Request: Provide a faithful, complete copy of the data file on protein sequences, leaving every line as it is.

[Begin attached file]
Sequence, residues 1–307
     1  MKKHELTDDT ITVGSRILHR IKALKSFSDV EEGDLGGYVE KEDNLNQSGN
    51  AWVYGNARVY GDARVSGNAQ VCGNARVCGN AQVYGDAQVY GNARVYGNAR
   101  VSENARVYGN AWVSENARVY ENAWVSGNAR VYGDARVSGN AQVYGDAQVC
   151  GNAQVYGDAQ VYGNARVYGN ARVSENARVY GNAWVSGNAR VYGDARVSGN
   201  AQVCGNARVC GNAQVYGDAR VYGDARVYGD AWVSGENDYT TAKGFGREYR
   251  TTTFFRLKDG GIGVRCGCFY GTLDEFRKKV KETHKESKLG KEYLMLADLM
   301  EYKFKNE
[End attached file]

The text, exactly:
Sequence, residues 1–307
     1  MKKHELTDDT ITVGSRILHR IKALKSFSDV EEGDLGGYVE KEDNLNQSGN
    51  AWVYGNARVY GDARVSGNAQ VCGNARVCGN AQVYGDAQVY GNARVYGNAR
   101  VSENARVYGN AWVSENARVY ENAWVSGNAR VYGDARVSGN AQVYGDAQVC
   151  GNAQVYGDAQ VYGNARVYGN ARVSENARVY GNAWVSGNAR VYGDARVSGN
   201  AQVCGNARVC GNAQVYGDAR VYGDARVYGD AWVSGENDYT TAKGFGREYR
   251  TTTFFRLKDG GIGVRCGCFY GTLDEFRKKV KETHKESKLG KEYLMLADLM
   301  EYKFKNE